Funny, I'd vaguely recalled that the cathedral in Campeche was pink. Luckily the locals have spared themselves the ultimate in pastelisation.
Last time I was here, after a week in Playa followed by the Pu'uc trail, V's sun allergy was as bad as I think it's ever going to get, and so she was confined to quarters and what we saw of the city together was limited to the Plaza and a few blocks around it.
What is it with Mexicans and humungous flag poles? There's a thing on the seafront drive here which looks like a giant car aerial.
There are three Campeches as far as I can tell. First, the part the tourists come for (or rather don't, because for better or worse this is still the least visited of the various UNESCO-protected colonial cities of the region) — the bright and cheery old walled town behind its baluartes.
It covers roughly the same area as the historic centre of Bruges (without the wet bits) and similarly, once you step outside the gate set in the rear wall, you're into a pretty dismal urban accretion. In this instance it all kicks off with an unexciting (and slightly seedy) market and I didn't dare venture more than a block or so east of that.
Beyond the Gulf-side bastions however, the sea has been pushed back several hundred metres to allow for a wide concrete platform — the Pedro Sainz de Baranda — created it seems, so that the local SUV-owning classes may move around laterally without having to venture into the badlands of the back-city.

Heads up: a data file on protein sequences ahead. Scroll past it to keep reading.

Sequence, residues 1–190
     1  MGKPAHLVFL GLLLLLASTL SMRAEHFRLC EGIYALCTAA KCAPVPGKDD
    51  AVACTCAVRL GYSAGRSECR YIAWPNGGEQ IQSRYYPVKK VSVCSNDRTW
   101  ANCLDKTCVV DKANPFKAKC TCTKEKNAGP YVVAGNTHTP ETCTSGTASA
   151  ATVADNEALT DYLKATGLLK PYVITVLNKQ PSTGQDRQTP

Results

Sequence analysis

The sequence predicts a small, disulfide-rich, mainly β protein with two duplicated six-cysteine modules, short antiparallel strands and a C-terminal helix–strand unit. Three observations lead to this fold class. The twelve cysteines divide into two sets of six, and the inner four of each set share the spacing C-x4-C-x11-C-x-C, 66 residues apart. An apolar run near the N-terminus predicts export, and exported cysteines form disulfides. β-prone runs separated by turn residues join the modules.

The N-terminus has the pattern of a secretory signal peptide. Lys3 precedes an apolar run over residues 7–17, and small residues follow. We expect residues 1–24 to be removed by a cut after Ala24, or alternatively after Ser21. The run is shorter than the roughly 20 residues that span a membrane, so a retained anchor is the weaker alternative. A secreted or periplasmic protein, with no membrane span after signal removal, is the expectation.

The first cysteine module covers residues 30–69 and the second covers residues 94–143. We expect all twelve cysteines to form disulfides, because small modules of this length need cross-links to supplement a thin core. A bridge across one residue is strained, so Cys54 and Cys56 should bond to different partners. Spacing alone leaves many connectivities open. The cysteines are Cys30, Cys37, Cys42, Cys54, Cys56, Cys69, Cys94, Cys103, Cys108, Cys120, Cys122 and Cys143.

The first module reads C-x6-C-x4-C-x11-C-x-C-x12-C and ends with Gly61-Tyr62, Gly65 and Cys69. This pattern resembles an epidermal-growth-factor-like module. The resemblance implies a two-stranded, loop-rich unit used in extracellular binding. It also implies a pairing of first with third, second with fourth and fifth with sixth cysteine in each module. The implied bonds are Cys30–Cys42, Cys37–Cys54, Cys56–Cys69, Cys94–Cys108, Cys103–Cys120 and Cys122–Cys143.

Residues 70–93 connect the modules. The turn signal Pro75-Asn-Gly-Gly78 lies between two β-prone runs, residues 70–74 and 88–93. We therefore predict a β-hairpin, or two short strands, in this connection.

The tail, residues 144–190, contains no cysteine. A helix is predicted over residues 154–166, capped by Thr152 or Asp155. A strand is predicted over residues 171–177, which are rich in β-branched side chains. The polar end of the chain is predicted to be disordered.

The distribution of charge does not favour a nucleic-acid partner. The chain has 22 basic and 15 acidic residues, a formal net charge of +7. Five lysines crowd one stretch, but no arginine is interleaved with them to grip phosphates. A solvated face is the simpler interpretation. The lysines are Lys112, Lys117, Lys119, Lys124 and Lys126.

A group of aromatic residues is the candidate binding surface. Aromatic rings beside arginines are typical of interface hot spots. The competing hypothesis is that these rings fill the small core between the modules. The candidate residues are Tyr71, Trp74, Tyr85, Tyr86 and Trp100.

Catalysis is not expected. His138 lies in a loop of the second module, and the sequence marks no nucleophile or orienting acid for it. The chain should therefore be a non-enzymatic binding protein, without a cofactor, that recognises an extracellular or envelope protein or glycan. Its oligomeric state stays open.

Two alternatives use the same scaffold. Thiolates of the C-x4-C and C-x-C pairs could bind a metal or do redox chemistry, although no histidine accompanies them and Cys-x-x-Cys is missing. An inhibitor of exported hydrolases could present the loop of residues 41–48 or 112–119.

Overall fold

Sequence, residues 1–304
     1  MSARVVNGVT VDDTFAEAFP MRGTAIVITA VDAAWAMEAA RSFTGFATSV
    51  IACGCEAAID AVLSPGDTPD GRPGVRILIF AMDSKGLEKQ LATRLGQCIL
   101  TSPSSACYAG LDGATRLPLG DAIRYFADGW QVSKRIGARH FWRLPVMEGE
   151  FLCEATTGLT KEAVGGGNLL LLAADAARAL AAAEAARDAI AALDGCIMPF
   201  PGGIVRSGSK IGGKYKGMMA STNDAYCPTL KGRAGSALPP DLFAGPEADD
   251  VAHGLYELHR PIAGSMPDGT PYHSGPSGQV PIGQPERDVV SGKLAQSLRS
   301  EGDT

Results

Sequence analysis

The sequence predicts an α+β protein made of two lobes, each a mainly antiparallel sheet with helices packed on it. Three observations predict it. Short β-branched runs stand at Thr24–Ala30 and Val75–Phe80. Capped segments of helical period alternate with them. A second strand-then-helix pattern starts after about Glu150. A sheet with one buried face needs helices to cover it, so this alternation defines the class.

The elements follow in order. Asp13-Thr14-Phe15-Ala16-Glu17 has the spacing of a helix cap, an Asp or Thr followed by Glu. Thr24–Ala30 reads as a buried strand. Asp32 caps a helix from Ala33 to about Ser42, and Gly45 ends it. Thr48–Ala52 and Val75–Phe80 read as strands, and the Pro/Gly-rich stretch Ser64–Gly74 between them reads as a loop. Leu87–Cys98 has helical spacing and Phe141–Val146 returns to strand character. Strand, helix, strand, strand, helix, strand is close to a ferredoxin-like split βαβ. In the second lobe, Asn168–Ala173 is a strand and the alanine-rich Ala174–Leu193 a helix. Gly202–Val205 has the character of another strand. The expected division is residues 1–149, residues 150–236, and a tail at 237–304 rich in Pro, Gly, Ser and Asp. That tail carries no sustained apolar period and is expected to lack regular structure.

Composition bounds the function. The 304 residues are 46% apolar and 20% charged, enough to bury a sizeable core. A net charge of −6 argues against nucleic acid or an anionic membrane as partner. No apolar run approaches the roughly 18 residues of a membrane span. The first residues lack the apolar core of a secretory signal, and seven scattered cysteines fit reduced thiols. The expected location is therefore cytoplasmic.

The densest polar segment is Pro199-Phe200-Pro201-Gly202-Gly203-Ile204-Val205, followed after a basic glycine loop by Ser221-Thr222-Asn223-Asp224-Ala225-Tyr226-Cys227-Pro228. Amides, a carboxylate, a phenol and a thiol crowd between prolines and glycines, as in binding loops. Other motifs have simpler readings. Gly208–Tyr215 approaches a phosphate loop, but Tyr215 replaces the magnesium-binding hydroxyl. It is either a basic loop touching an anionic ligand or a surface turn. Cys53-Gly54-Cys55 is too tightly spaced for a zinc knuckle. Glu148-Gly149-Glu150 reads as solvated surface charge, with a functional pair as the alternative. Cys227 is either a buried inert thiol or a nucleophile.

Rollerbladers, cyclists and old-style strollers are also catered for, but my irony-detectors were tripped by those PEATÓN ES PRIMERO signs. In this city you feel that the cars are sneaking up behind you all the time.
If those dastardly piratas ingleses were still marauding around these shores today they'd have to run the gauntlet of Ford Expedition's cris-crossing the Avenida Costera like freight trains before they even got within canonball range.
It's like someone thought...
"What this grotty old place needs is one of those massive seafront avenues with palms down the middle, like they have in Cannes and Nice."
Well, we're talking about the 60s or 70s before Patrimonios de la Humidad vastly improved the rentability of grot.
The highway zone is a missable spectacle until dusk when the sun starts to sink into seawater and the citizens of Campeche come out to play. Along this stretch there are some restaurants with promising names — Mediterraneo — and some with less promising ones — Videotaco. There are also a lot of karaoke bars.
You'll find some interesting Santa Monica-wannabe residential property along here as well, all dating back to the era when Thunderbirds first appeared on TV.
"And as for the rest of the old town, we'll paint it the colours of a Swedish cushion set..."